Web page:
4. Assimilation is about accelerating your ability to facilitate your transition and contribute in your new role. The president gets 100 days. You get 90 days. But it can take people 18 months. Assimilation
6. Assimilation can take 18-24 months (not 90-100 days!) – Stages of Assimilation ASSIMILATION PHASES ASSIMILATION ACTIVITIES Introduction (Months 1 - 3) Convey Expectations Set Priorities Identify Early Wins Clarification (Months 4 – 6) Clarify Critical Goals Eliminate Self-doubt Broaden Exposure Adaptation (Months 7 – 12) Review Progress Test Commitment Cement Key Relationships Integration (Months 13 – 18) Acknowledge Early Success Develop Long-term Plan
16. Blueprint for Support New Leader and Team Assimilation Meeting Organizational Development Consulting Services Transitional Coaching Services Direct Manager Support and Feedback Peers and Direct Reports
18. LHH New Leader Acceleration/Early Impact Coaching 1. Reading the Culture One of the first goals in successful on-boarding into a new company or into a new work group is to help the executive identify the cultural norms and styles of the organization, manager, peers and direct reports. This is a critical step in understanding the similarities and potential mismatching between the executive’s style and the company’s culture. This understanding provides a foundation for addressing key strengths and potential pitfalls in the executive’s new environment. 2. Building Alliances/ Influencing Others A new executive needs to establish meaningful and genuine connections with peers, board members, customers, community members and employees, to build trust and credibility quickly. However, moving too quickly to what one can deliver without building a positive alliance can alienate others, undermining essential cooperation and support. Even the best individual efforts also need sponsorship from the appropriate constituencies for visibility and access to resources and to help remove barriers. While the newly positioned executive will be leveraging their personal leadership strengths and experience, they need to build and leverage organizational or “political” capital simultaneously.
19. New Leader Acceleration/On-Boarding Coaching 3. Determining/Aligning Expectations Understanding what business results are expected, by whom, and in what priority is the next phase of successful on-boarding. Key to this step is establishing agreement among all parties on what success will look like and how it will be measured. 4. Self Assessment It is important for the executive to understand what has worked for him or her in the past, and the degree it may or may not work in this new role and environment. This awareness helps the leader identify areas where adjustments in his or her leadership style or behaviors are needed. We typically recommend one to three self-assessments if the individual has not already experienced them: MBTI, Personal Directions from the Management Research Group, company preferred assessment tools (e.g., those already used in the organization) as well as interviews with their managers, and each of their team members.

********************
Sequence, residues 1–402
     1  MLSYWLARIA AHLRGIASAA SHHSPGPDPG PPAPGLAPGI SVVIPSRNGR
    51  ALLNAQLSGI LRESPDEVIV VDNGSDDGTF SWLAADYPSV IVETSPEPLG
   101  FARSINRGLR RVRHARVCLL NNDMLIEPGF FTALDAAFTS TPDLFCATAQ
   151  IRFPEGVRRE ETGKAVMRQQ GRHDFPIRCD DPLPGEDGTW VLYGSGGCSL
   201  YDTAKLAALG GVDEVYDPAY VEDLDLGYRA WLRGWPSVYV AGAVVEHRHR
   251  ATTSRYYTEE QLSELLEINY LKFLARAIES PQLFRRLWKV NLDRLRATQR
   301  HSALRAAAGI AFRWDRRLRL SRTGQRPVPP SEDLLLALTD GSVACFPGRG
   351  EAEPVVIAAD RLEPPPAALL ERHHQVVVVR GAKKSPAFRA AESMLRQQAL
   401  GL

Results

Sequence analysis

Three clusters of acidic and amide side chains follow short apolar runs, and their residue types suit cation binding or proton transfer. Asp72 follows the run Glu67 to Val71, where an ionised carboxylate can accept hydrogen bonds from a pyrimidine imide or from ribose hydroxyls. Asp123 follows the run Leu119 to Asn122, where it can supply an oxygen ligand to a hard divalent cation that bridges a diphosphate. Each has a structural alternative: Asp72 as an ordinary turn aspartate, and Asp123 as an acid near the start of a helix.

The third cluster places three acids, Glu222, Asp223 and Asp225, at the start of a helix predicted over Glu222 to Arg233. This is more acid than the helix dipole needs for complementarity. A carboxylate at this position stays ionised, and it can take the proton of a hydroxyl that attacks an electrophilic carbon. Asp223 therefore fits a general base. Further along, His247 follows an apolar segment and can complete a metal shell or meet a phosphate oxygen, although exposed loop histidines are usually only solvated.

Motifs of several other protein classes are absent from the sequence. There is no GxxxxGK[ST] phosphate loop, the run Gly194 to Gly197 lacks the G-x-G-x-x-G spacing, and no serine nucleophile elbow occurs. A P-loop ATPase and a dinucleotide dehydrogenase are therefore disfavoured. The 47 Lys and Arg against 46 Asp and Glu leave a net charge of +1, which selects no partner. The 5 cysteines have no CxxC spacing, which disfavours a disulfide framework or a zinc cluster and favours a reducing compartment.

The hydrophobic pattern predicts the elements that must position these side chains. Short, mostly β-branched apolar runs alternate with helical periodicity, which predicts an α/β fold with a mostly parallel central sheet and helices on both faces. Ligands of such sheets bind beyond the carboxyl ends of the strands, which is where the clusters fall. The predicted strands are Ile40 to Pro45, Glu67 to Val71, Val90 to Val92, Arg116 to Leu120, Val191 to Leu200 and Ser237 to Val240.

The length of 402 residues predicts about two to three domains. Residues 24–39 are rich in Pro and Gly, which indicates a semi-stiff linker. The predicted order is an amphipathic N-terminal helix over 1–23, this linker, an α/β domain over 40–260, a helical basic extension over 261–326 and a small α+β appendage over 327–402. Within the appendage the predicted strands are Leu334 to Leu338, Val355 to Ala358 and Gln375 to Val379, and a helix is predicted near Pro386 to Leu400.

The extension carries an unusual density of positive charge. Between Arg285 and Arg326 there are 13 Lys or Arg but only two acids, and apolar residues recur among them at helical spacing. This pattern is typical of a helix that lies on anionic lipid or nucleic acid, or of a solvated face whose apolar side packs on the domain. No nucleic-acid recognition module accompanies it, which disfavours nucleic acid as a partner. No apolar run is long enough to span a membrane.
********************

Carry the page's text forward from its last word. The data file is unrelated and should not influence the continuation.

20. LHH New Leader Acceleration/On-Boarding Coaching 5. Focusing on Early Impact Projects It is with the best intentions that most new executives try to make a broad and significant impact quickly. However, this can result in a lack of focus on what is important today with little significant impact actually occurring. If the new executive tries to spend time on every possible project or initiative, the efforts will be significantly diluted. It is critical to identify and focus on the key projects that will deliver the most significant impact upon identified expectations in the most rapid and realistic timeframe. This is the final step in creating the action plan. 6. Driving the Agenda As an executive embarks on the selected initiatives, it is imperative to create a convincing leadership vision and communicate it to the executive’s team, peers, and other key constituencies. They need to develop a formal and informal communication channels to keep the initiatives visible and the messages clear. 7. Sustaining Momentum Balancing the diverse needs of fast paced positions is a challenge for most executives. Pacing themselves and still achieving impressive results is critical to keep the executive in top performance. Executives need to develop approaches to retaining the enthusiasm and energy they felt as they were initially hired or newly promoted. Retention of top performers after the initial surge of activity requires helping them identify new challenges and develop new skills to keep them learning, and creating personalized recognition and rewards for their accomplishments.